My fingers are twisted.
As much as I hate typing those words, I can’t hide from them anymore. Because it’s not just that they’re twisted. They’re painful and more clumsy. Tasks that I used to be able to do just a few months ago are now nearly impossible. And it’s breaking my heart.
The good news is that the X-rays I had done last month didn’t show any major points of joint erosion. So as bad as I may hurt some days, at least internally, we’re managing my disease well. The bad news is that my fingers are still twisted.
It started out slight, I noticed it one morning a few months ago while examining my hands while I stretched. Just the slightest angle in the tips of the first two fingers on my right hand. They didn’t hurt, at least not more than usual, but it was jarring to see this change.
The twisting has been slight, and if you were just to glance at my hands, you may not notice it at all. But if I lay my hands flat on the table, you’ll see how the first two fingers turn towards the other fingers. They’re not gnarled, yet, but it is a noticeable difference to me.
Even without the visual reminder, I’ve known my hands were changing. It started around the holidays. I’ve been working on a pretty big cross-stitch design for a good friend of mine. I packed my supplies hoping to work on my stitching while my fiance and I were home visiting my family for Christmas. When my fingers struggled to hold onto the needle, I told myself it was because of the cold weather and the resulting swelling.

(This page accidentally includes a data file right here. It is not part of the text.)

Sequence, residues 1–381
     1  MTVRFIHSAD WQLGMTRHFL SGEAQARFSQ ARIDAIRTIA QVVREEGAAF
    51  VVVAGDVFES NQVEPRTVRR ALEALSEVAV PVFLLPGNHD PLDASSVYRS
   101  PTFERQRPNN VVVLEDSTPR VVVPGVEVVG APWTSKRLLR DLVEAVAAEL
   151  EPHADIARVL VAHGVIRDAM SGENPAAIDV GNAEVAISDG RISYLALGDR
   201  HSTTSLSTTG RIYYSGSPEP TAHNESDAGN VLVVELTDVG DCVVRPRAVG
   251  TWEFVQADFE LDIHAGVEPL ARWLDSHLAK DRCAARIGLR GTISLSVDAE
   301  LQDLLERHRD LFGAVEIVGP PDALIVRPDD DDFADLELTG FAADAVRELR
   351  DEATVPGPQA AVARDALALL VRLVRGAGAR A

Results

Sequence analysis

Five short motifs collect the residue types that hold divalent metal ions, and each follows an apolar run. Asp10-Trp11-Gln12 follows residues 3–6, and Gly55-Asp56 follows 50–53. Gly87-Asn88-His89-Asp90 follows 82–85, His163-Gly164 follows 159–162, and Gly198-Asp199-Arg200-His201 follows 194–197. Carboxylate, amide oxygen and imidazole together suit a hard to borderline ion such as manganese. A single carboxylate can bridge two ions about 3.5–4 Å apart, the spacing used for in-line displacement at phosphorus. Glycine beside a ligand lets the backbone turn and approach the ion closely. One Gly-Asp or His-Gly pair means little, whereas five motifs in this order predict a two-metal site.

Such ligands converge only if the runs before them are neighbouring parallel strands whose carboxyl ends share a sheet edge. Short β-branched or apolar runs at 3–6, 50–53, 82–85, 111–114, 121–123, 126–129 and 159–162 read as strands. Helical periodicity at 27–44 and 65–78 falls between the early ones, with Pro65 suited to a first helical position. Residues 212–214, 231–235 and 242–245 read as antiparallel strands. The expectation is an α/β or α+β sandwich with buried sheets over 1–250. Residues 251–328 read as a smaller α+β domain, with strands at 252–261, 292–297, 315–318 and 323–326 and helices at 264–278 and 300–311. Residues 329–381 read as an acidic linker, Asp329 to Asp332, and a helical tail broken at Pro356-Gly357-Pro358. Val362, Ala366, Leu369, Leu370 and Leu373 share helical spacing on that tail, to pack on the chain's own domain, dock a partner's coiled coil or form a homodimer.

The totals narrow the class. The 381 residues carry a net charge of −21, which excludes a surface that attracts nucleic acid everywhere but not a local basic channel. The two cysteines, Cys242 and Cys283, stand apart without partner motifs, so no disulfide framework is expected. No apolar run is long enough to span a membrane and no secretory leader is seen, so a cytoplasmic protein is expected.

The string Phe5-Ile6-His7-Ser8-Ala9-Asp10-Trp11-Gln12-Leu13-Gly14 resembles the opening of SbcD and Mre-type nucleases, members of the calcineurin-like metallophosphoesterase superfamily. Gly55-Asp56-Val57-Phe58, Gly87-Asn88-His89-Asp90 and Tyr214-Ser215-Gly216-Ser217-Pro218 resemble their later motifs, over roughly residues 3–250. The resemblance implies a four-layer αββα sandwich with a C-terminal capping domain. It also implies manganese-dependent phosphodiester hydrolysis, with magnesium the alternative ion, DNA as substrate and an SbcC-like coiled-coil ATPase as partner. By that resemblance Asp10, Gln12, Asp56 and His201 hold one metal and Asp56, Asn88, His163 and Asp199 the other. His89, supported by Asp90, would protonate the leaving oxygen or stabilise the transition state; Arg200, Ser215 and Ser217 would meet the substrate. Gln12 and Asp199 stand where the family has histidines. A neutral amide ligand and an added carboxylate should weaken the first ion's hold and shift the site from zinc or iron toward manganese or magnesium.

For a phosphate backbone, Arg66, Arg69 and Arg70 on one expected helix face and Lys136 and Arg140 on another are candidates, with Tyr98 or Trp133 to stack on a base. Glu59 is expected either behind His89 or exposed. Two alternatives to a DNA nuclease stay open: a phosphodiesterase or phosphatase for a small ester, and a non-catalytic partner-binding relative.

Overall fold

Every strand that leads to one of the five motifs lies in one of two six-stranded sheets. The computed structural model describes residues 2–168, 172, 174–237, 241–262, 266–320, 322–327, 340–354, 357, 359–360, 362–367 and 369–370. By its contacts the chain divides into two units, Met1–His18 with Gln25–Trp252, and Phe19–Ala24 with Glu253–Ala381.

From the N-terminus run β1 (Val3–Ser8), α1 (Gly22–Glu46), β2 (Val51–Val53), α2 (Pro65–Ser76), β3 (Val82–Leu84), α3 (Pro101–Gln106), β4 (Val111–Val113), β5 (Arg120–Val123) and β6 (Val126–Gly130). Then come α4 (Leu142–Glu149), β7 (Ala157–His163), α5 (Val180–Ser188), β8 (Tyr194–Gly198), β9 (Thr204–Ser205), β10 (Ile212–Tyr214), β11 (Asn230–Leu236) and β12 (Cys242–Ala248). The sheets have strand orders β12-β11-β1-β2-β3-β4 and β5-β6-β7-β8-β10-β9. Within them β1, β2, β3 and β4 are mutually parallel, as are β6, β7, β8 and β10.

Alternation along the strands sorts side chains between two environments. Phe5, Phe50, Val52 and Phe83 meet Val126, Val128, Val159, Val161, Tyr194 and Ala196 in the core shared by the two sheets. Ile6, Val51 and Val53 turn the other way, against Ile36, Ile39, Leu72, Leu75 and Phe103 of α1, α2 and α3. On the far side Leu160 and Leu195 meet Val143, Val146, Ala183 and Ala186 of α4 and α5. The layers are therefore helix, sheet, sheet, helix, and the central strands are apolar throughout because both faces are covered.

Each time I’ve tried to pick the project up in the last few months, it’s the same thing, though. I can’t make my fingers grasp the needle for more than a few seconds. If I can manage a stitch or two, it’s a miracle. So I’ve put away my needles, all my pretty thread, and refused to think about it. I haven’t wanted to focus on what I can no longer do.
It breaks my heart, these little things RA keeps taking from me.
I know I should be grateful for all I still have, and for the fact that this disease hasn’t yet eroded my joints beyond repair. I know I should be happy for all I can still do and that’s where my focus should be. But each time I have to give up an activity I love, it’s a dagger to my heart. It’s a reminder that on some level, my life is not my own. It’s a reminder that I will continue to lose capabilities until I’m left a shell of the person I once was.
I know it’s a slow process and I probably have many decades of happy life ahead of me. I know I will find new hobbies and activities. I know I will continue to thrive and live despite RA and its complications. But there will be a dark part of my heart that will continue to mourn the me I used to be and things I used to be able to do.